Get clear on your goals - you might be closer to reaching them than you think
Do you know where you're headed?
As a kid, when I imagined what I wanted my adult life to look like, one of the main features that remained constant was to have a summer home, and to have the freedom to be there for three months a year.
From the age of two months until I went to college, this was how I lived. As a family, we spent the school year in Nashville, Tennessee, and our summers in Rhode Island. As soon as summer break began, we’d pack the car and head north to trade the southern heat for hours on the beach and tennis courts. Days before school started back up, we’d migrate back south.
I spent a good chunk of my early career visualizing this, and working towards it. Fast forwarding to the present, we can see that my vision of the life I want has changed. I’m living abroad with my wife and two boys. We own one home in the U.S. but rent it out. We’re temporarily based in Croatia (and, soon, Spain) but travel as much as we possibly can, exploring the world. Instead of having a winter home and a summer home, we rent apartments and can each fit all of our things in one bag each. When we go away for a weekend, I toss almost all of my clothes in a backpack, because I hardly have more than that anyway. We strive to be less tethered to places and things, and that includes homes and everything that comes with them. There’s tremendous freedom in this.
It may appear that my adult life didn’t turn out to reflect what I thought I wanted, but upon closer inspection, the underlying motivation remained: the freedom to be able to make my own choices in how I live. The freedom to be tethered or not be tethered. The place I’ve ended up allows for either way of living.
What has changed since then, though, is my view on how much we need to be happy, and realizing that sometimes the things we think will make us happy might in the end limit us, or cause us stress, or require something of us that makes it more challenging to fulfill one of our other desires. In my case, if I want freedom, but I also want multiple homes, those have a tendency to work against each other. If I wish to prioritize freedom, working towards buying and maintaining multiple homes is only going to get in the way.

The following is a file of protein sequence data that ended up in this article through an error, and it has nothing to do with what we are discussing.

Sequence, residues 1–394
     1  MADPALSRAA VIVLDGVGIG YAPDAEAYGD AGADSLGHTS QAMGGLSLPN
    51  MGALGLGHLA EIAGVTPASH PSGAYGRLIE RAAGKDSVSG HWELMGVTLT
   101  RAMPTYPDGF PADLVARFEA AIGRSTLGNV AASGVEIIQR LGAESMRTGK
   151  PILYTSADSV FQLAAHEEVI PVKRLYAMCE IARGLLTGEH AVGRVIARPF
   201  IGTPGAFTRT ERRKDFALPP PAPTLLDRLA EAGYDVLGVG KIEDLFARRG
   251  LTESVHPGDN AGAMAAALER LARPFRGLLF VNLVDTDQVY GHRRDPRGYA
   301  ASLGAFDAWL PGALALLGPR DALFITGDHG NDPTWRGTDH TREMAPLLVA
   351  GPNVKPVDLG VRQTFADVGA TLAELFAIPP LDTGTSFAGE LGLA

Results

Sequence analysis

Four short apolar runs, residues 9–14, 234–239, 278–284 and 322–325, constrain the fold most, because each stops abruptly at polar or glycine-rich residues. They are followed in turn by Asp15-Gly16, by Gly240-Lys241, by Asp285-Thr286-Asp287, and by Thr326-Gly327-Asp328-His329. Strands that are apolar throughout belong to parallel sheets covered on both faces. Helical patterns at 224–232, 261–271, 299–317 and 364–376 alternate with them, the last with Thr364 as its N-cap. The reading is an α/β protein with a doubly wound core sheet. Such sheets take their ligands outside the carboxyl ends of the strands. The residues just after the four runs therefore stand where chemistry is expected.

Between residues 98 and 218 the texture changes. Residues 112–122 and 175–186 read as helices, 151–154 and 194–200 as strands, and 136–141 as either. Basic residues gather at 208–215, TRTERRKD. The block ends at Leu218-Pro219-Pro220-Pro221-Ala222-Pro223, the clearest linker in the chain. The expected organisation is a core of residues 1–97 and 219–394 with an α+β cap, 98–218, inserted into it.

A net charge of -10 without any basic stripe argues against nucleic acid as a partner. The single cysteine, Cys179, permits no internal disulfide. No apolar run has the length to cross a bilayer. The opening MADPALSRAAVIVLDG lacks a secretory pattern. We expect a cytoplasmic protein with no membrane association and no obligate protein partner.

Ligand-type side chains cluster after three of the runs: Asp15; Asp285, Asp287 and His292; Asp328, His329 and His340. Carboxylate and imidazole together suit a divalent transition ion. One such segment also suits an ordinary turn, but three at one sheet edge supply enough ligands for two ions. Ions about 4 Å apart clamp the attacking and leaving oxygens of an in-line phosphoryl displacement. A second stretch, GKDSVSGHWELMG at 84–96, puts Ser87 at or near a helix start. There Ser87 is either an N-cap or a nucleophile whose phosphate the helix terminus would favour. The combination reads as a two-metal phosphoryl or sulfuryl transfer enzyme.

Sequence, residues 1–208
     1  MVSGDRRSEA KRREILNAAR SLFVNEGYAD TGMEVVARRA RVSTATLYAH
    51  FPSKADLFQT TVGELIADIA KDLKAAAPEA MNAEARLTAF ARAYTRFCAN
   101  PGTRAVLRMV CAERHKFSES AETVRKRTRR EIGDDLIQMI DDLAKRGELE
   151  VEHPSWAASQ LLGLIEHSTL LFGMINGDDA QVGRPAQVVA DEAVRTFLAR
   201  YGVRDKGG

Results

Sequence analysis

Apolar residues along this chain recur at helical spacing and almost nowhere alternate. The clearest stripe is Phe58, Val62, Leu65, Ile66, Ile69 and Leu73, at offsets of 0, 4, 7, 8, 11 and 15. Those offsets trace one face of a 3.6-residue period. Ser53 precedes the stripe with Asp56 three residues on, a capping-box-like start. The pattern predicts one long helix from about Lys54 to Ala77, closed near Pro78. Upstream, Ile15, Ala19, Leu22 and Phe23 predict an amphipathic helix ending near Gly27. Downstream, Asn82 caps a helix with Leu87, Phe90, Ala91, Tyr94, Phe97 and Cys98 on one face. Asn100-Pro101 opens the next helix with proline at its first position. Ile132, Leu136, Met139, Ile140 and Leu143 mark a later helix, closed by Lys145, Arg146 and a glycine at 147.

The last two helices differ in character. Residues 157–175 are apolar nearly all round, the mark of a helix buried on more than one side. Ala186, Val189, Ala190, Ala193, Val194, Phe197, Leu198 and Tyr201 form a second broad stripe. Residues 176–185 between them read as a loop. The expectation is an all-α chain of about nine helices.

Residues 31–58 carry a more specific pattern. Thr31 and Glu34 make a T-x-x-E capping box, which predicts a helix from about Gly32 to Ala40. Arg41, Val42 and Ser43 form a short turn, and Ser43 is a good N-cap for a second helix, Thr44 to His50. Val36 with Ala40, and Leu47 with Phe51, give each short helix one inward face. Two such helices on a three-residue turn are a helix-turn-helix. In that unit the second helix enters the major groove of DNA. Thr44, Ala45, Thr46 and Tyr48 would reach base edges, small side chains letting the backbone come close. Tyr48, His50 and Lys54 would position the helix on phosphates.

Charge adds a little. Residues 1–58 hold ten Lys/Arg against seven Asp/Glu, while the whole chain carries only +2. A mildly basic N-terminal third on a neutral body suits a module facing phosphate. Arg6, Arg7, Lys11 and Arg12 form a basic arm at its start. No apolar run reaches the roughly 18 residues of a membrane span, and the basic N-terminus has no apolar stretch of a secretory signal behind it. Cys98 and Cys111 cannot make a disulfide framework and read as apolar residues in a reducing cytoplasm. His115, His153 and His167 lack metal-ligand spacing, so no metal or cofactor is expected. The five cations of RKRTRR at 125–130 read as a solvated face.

The resulting realization is that freedom comes from having and desiring less. My main desire and goal right now is to experience the world with my family. That does cost money, as all forms of living do, but it requires almost no “things”, as those just get in the way. And the good news here is, if your “why” is freedom, which is the case for many entrepreneurs, and aspiring entrepreneurs, it may be closer than you think, especially if you don’t yet have kids.
If you take a close look at your true, fundamental desires, the crux of what you truly want out of life – not what your parents think you should want, or what you think would make you look successful in the eyes of your friends — you’ll likely find it boils down to something simple. And if you can then allow yourself to brush away all the other desires you thought you had, you’ll get to where you want to be faster, and you’ll enjoy where you end up much more.
Everyone has their own way they want to live. Yours is likely different from mine. But yours is also likely different from what your external world makes you think you want. This is an invitation to explore this within yourself as you embark on your entrepreneurial journey.
Almost every entrepreneur envisions a time when they get their SaaS to a place where they have recurring revenue and can enjoy their Mai Thais on the beach. But success of this type doesn’t always come without costs. Your problems will not all be solved. While some of them will, you’ll have new ones you never expected.
Entrepreneurial journeys can be incredibly rewarding, financially as well as emotionally. It’s also not for everyone and comes with its costs. The goal is to enjoy the journey and not be miserable in exchange for future bliss, because it doesn’t work that way.
The better we can understand our “why," the more we can embrace our journey and be with it.
Can you do me a favor and reply with your “why”?
Always fun: Rory Sutherland’d TED talk, Lessons from and ad man
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